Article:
“I wouldn’t take that trip to Brazil, if I were you.”
“What if you can’t back in the country?”
This exchange with a friend took place when I said that I have several international trips coming up on my schedule. In response to his paranoia, I pointed out that this is an absurd fear. Mexico, Brazil, and the Czech Republic are not on Trump’s list. Plus, I’m an American citizen. There’s absolutely no question that I can leave the country and come back.
And yet, I was slightly lying about my confidence here. The truth is that this fear had already occurred to me. With the stroke of a pen, Donald Trump invalidated as many as 60,000 green cards and visas that had already been issued to citizens from eight different countries. One moment, they were research scientists, programmers, and students living in the US. The next moment, they were stranded outside the borders, patrolled by tough border agents with power.
Could that happen to me? Probably not. Oh, surely not. That’s absurd. And yet we know the power is there. We think about it every time we come into the country. We stand there faced with some badged dude we don’t know. He examines our papers, affecting an air of suspicion. He slowly picks up some stamp thing. He pushes it down, and says something or nothing and hands us back our passports.
There is not one person who has gone through this process who, at that moment, doesn’t breathe a sigh of relief.
So when the President suddenly slams the door shut, in a way over which we have zero control, sure, the sense of anxiety increases. You can say it is irrational. But actually, maybe it is not.
After all, I’ve been variously detained at borders for no reason. I was held for 30 minutes once when trying to get out of Brazil to return home. I never found out why. Entering Canada, I had my cell phone confiscated and was held for interrogation for two hours, solely because some agent found my bow ties suspicious. Because why? Canadians don’t like bow ties? I never found out.
I’ve never had trouble getting back across the US border, but there’s always a first. Plus, the chances will grow after this article because, as it turns out, agents are now checking Facebook profiles for anti-government postings. All these revelations intensify public anxiety.
The Fear Is Widespread
It turns out I’m not alone in my fear here:
“US airline and online booking agency shares slumped for the second consecutive day on Tuesday, and some industry executives have begun speaking out against the Trump administration’s ban on travel from seven majority Muslim nations.
Share prices of major US airlines and third-party travel booking sites have plunged since Friday when President Donald Trump issued an order temporarily barring entry to the United States from nationals of seven Muslim-majority countries. Confusion over who was affected, and protests at some major airports, disrupted travel throughout the weekend.”
Some travel agencies report that their business is down between 20% and 50%. This is obviously very bad for business. Presumably this was not the purpose of Trump’s executive order (I say presumably because government always benefits from a panicked public.) But it does illustrate the general point: attacks on anyone’s liberties end up as an attack on everyone’s liberties.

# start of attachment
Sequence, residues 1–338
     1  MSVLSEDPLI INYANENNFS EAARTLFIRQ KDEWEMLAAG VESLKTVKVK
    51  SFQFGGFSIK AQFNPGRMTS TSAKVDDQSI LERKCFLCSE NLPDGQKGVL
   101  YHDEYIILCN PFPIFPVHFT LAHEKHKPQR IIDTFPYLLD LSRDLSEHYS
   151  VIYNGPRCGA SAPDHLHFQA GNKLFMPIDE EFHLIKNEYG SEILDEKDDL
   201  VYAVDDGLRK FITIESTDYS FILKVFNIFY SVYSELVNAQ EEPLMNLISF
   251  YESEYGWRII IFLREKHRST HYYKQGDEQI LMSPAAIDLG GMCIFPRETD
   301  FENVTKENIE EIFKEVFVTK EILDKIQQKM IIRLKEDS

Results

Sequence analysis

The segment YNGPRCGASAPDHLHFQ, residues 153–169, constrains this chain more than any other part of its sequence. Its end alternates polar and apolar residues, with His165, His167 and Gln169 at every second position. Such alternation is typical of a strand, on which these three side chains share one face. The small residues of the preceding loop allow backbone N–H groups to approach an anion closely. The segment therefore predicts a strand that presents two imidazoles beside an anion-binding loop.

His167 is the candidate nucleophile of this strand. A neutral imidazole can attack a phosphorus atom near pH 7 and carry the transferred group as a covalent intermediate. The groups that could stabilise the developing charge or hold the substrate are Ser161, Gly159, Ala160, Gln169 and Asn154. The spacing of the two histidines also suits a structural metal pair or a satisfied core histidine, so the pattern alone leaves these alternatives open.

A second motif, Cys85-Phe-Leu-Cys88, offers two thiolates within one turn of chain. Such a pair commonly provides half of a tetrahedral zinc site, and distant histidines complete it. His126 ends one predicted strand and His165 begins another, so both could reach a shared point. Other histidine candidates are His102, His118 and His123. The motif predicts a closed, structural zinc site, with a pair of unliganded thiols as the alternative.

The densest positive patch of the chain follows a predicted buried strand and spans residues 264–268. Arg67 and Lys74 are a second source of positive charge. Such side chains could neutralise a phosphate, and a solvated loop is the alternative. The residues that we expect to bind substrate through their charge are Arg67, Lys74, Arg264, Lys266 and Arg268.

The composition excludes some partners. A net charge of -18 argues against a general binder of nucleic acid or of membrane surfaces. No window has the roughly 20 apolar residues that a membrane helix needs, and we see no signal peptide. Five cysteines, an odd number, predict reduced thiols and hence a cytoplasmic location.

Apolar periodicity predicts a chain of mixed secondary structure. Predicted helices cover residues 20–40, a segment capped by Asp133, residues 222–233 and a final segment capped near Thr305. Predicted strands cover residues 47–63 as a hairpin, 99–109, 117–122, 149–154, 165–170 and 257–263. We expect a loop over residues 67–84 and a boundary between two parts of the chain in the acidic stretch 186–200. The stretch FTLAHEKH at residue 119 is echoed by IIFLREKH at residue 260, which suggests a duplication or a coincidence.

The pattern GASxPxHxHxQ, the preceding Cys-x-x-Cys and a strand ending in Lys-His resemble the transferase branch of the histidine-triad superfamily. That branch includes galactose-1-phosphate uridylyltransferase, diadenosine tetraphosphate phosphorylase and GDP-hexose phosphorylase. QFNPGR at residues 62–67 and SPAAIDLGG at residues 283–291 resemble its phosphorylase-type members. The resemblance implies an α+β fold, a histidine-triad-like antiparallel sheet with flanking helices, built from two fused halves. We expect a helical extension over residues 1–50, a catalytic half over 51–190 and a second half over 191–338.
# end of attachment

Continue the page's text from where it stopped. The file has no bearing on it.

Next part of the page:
You could respond that the travel-ban list is restricted, and the conditions well-defined. But what matters in fact is that which countries were and were not on the list was ultimately the decision of one man, and there is nothing but perhaps some interventions by a few judges that stands in the way of Trump’s decision to bar border-crossing from other countries.
For example, I’m headed to Mexico soon. Since Trump’s inauguration, the relationship between Mexico and the United States has become tense. What if some incident happens in the US or Mexico while I’m out of the country? What if Mexico is added to the list? What if the conditions are expanded to the point that even American citizens are affected (because, let’s say, there are reports of fraudulent passports)?
Yes, the possibility is remote. Extremely remote. But even the slight chance of the worst possible thing happening is too much when the trip is entirely optional, and especially given that most people feel a sense of vulnerability when out of the country.
Then you add the new rule that the IRS itself can revoke your passport if you have tax troubles – news which adds more anxiety given the tendency of this agency to overreach and be downright wrong.
Being trapped so that you can’t get into the place you call home is a truly terrifying prospect. Being locked up abroad is a culture-wide fear.
It is for this and other reasons that technology companies – which operate in a borderless world – have shifted from grumbling about the actions of this administration to full-scale and very vocal opposition. Companies are rethinking plans even to open shop in the United States. Moving abroad – ultimate irony – is looking ever more attractive.
Let’s add this immigration ban to the incredibly long list of policies designed to achieve one thing that ends up doing something else. As Trump’s own Alma Mater editorialized, “the travel ban could end up making U.S. citizens feel more insecure, rather than achieve its stated objective of enhancing safety.”
Speaking for myself, I’m feeling it.
The big question for the courts right now is whether this ban was legal. I don’t know the answer to that. But this much I do know: it has made the world a less stable and more scary place, and that’s never a good plan for restoring greatness.
There’s never been a better time to rally around some old ideals such as the rule of law, peace, human rights, liberties, and so on. They really do matter. The quality of our lives depends on them.
This article was originally published on Fee.org.